What makes a Chronicle column good? Every two weeks, I stare at the blank Word document on my screen the night before it is due and wonder what I should write about. I don’t want to rehash opinions that others have already expressed. It’s not my place to give you idealistic advice. I feel that the University’s newspaper isn’t the forum to complain about my problems. I’m hardly wise and my political opinions read academic. I’ve got so many things to say but I can justify a reason not to say any one of them.

I was faced with a similar position in high school. It’s bizarre to think that just two years ago I was standing in front of an auditorium packed with my high school peers, speaking during one of the most memorable five minutes of my life. I was my high school’s valedictorian and it was my turn to speak. Years of hard work had paid off and I wanted my speech to matter. I mean, you only graduate from high school once. I wanted to be different, but don’t we all?

When I told my friend that I was going to be writing my Chronicle column this week about my valedictorian speech, the first thing he did was tell me he already didn’t like it. “Too pretentious,” he said. I feel my speech was anything but.

My graduation speech was about my graduation speech. I talked about what I wanted to write about. The problems I faced were trying to avoid being trite while evoking both nostalgia and humor, looking forward while looking backward. Having an open page is intimidating. There is so much I wanted to say, so much I wanted to do, but I struggled to find the words. Maya Angelou once said, “I’ve learned that people will forget what you said, people will forget what you did, but people will never forget how you made them feel.”

Acknowledging my own inadequacies, I took the audience through my thought process. I didn’t want to say the things everybody expected me to say. I hadn’t wanted to trudge through memories forced onto my peers, preach insight from the pulpit of the moment, or divulge the intimate aspects of my life’s journey. I wanted to be different, to be me, but I faced the dilemma that in not doing things that had been done before I was unable to speak about anything that I was content with.

Listening to a video recording on Facebook of my 18 year old self say these things, I am struck by how hard it is to take one’s own advice. Even now, I try to share ideas that haven’t been expressed before.

My hesitancy to be the same as everyone else, as anyone else, comes from a misunderstanding of what it means to communicate. I want to convey original ideas, to leave my own stamp on what I do, and more often than not this causes me to not share the things that I want to simply because others agree and feel the same away.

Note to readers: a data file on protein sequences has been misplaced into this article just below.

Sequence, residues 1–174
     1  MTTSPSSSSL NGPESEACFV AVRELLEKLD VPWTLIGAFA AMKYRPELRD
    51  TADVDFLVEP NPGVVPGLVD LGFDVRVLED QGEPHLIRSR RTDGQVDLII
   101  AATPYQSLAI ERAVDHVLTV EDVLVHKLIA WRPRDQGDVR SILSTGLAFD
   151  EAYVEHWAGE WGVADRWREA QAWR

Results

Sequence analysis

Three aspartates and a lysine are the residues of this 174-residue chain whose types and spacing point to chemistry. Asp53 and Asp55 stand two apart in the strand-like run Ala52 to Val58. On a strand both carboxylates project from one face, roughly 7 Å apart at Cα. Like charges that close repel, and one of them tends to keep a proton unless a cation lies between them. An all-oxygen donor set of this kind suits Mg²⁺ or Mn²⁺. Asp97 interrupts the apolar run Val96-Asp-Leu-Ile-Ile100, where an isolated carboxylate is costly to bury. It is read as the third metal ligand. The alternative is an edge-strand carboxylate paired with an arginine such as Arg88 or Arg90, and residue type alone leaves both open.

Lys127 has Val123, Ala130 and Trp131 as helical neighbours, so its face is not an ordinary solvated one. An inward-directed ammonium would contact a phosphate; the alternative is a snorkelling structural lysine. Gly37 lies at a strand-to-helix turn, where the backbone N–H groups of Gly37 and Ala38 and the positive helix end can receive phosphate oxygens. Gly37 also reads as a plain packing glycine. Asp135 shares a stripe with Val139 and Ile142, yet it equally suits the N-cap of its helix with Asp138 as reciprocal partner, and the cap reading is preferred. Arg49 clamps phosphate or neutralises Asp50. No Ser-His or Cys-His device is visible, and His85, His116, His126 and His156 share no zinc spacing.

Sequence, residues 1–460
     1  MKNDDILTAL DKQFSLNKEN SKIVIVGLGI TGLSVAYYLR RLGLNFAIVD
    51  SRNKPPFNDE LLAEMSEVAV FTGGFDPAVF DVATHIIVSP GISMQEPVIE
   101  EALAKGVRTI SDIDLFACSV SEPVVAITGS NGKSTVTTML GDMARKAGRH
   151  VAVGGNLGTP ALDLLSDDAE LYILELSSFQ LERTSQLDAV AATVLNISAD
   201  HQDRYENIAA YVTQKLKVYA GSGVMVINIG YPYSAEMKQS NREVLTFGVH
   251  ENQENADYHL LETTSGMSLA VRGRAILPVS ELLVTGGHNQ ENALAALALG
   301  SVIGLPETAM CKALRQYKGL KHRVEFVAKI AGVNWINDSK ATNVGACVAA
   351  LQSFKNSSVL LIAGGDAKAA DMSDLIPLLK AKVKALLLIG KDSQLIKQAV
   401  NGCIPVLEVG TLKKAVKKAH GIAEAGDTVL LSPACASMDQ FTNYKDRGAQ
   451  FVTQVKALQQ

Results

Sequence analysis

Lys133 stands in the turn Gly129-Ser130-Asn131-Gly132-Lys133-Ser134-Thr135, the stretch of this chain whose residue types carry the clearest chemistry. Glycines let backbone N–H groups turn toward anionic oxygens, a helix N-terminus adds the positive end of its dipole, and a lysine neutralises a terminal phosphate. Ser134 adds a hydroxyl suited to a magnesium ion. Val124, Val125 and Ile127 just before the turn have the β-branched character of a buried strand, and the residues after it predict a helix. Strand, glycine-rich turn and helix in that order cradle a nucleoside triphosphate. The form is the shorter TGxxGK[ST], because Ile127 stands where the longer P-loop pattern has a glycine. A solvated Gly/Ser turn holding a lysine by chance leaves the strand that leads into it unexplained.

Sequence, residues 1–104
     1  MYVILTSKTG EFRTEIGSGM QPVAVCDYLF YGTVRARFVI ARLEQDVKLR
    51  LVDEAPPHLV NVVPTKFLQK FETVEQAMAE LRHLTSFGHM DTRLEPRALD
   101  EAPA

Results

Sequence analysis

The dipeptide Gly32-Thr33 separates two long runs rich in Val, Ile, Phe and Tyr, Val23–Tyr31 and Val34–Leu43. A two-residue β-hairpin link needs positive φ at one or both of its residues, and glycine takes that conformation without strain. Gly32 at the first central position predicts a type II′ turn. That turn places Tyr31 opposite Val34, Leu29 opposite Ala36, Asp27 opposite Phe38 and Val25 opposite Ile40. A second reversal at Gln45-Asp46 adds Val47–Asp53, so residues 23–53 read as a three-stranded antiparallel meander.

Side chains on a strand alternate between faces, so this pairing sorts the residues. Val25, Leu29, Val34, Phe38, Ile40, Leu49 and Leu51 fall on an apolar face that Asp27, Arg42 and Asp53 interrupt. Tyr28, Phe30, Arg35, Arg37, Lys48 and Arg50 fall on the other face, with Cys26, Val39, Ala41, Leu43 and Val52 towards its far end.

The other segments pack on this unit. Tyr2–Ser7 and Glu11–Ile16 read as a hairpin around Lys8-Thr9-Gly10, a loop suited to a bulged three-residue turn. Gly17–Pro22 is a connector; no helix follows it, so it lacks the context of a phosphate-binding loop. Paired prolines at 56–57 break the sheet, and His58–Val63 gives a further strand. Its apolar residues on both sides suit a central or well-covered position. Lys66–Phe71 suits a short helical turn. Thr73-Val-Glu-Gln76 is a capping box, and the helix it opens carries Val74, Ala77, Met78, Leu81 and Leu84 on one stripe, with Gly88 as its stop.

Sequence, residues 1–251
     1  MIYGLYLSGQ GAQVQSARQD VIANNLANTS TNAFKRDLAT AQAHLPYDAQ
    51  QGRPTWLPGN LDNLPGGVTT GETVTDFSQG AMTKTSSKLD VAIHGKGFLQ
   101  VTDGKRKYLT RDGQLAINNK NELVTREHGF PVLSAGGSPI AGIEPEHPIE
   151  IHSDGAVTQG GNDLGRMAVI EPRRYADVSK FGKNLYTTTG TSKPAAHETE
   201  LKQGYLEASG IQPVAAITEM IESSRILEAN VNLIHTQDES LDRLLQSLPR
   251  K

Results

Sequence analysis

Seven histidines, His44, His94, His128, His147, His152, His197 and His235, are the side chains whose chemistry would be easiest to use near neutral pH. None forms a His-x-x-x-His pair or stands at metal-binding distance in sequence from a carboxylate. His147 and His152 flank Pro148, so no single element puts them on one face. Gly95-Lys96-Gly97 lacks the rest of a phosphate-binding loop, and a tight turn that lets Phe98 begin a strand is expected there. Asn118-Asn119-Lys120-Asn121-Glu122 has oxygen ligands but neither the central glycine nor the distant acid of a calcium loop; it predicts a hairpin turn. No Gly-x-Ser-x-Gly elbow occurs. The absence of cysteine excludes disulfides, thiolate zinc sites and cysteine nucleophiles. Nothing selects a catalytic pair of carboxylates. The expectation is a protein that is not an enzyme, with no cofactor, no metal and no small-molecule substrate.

This desire to be different was pervasive in my mindset during my graduation speech and it persists even now. I’m left in want of a message that can be impactful and hasn’t been shared before. Yet, in a way, I feel that perhaps it isn’t necessarily the substance or the innovative nature of the idea that gives it merit or that makes people interested.

The only way to communicate with people that will leave them feeling substantially engaged is to speak to them with sincerity. Being honest with myself and honest with my audience is how I speak from the heart.

In a word, I think the thing that makes a Chronicle column good is sincerity. Regardless of whether or not other people share the same opinion, regardless of whether or not the message reverberates through campus and shapes debate, regardless of whether or not it has been said before, we all want to feel connected to the author. The way to do this is to convey ideas that come from the heart. If the emotion and passion are there, then the originality will follow. There’s something genuine, something human, about laying down our soul on paper. To be sincere, to be vulnerable, to be mortal is how we imbue lines on a piece of paper with something relatable.

Today, to be sincere, I write my Chronicle column about my Chronicle column, just like two years ago I wrote my graduation speech about my graduation speech.

Tyler Fredricks is a Trinity sophomore. His column runs every other Wednesday.